As the utility remains in legal limbo, the fate of H2GO’s reverse osmosis plant remains in question.
BRUNSWICK COUNTY — H2GO Chairman Jeff Gerken is addressing allegations that the utility board is “wasting assets” as well as misunderstandings about what the board intended to do with the utility’s $35 million reverse-osmosis plant, work on which has already begun.
One issue includes whether or not the H2GO Board considered plugging the wells for the RO plant with concrete. Some of the wells were already nearing completion when the project was frozen by legal action between Leland and Belville, but the state’s environmental agency would not allow them to remain “in limbo.”
In an email from the North Carolina Department of Environmental Quality (DEQ) Division of Water Quality, Hydrologist Geoff Kegley stated the wells would have to be either completed or capped.
According to H2GO Commissioner Rodney McCoy, the board met in closed session to discuss options. McCoy claims that the board, including Chairman Gerken, discussed a range of options, including completing and capping those wells near completion (so that they could be used in the future). Other options according to McCoy included putting concrete in the wells, effectively sealing them, and filling them with bentonite clay, which could be more easily removed.
McCoy also stated that his decision to make some of the substance of this closed session meeting public was the reason for the creation of the H2GO litigation committee, which notably did not include pro-RO-plant commissioners McCoy and Ron Jenkins.
Chairman Gerken: No ‘plugging wells with concrete,’ no ‘assets wasted’
Gerken denies that concrete was ever discussed, referring to the affidavit of H2GO Executive Director Bob Walker (attached in full, below); he also previously stated the litigation committee’s makeup was designed to ensure attorney-client privilege.
“One publication recently stated that I had ‘considered’ plugging, with concrete, wells that had been drilled as part of the reverse osmosis plant project. Mr. Walker’s affidavit clearly points out the reason for any discussion that might have taken place with respect to those wells, and the actions that were actually considered. Notably, pouring concrete into the wells was never one of those considered actions,” Gerken said.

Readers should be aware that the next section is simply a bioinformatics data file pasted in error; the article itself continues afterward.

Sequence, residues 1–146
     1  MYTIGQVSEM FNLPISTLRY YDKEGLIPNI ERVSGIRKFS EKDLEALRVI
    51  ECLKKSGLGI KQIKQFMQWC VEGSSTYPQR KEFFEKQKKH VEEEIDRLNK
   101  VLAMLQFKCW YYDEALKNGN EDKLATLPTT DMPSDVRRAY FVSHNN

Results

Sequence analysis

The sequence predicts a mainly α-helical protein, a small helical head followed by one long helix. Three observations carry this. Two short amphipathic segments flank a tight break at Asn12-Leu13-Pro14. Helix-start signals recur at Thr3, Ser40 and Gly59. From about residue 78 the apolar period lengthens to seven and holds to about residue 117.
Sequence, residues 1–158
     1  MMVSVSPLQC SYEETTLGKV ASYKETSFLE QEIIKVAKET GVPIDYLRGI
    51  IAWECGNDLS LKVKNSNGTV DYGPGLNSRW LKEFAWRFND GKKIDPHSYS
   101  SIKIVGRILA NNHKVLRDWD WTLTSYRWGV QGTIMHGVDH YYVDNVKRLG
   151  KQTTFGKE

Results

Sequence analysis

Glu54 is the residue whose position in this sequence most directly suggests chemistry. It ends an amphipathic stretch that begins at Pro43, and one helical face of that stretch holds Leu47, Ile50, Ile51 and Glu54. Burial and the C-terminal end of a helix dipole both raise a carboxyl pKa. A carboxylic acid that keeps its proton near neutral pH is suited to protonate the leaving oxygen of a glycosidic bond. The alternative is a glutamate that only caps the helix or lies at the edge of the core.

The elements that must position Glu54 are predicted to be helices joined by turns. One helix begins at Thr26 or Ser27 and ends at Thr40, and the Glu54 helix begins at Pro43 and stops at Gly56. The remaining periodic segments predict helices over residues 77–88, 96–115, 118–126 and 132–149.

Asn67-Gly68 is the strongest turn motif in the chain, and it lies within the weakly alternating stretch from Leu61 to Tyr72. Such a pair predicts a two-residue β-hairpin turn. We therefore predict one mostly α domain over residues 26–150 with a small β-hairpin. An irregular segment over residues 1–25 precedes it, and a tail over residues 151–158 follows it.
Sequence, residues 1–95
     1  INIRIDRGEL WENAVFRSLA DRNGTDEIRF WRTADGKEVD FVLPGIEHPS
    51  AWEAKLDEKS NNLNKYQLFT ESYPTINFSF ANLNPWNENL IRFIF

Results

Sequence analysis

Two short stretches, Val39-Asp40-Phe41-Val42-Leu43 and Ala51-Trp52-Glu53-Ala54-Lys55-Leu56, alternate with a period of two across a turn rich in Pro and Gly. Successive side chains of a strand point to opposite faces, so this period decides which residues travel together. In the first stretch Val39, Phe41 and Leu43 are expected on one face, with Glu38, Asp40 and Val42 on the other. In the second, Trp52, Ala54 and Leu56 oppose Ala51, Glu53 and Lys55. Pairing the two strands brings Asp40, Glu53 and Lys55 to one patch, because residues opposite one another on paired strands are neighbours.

In his affidavit, Walker addresses the issue directly:
“Upon receiving this information from NC-DEQ, I consulted with the project engineer as to what H2GO could do to address the State’s concerns. I and the project engineer determined that the safest course of action consistent with the injunction was to finish and cap the four wells close to completion and to abandon the other our wells, as to of those were mere pilot holes and the other two wells were in the early stages of being drilled. These four wells that were to be abandoned were to be grouted with bentonite clay, not concrete, so as to enable them to be re-drilled in the future if needed. I advised the Board of this preferred course of action. The Board authorized H2GO to proceed accordingly,” Walker affirms.
Walker adds that no other method that would “destroy” the wells was considered.
“To my knowledge no Board member has directed me, staff or the RO plant contractors to pour cement in the wells or otherwise destroy the wells. Likewise, to my knowledge, no Board member has directed my, staff, or the RO Plant contractors to take any action that would compromise the future construction of the RO plant,” Walker stated.
It’s worth noting that nothing has actually been done to the wells. For nearly a year and a half since the state ordered the wells covered, H2GO has been stuck in legal limbo, and Belville has not permitted the capping of the wells.
Gerken also addressed allegations that the H2GO Board was “wasting assets.”
“Mr. Walker also explains that equipment for the RO plant was purchased, and is presently being stored at a warehouse, and that the site for the proposed plant was completed, thereby increasing the value of the property,” Gerken said. “In other words, allegations that the current board is guilty of “wasting” assets are simply not true. To the contrary, the Board took active steps to prevent waste.”
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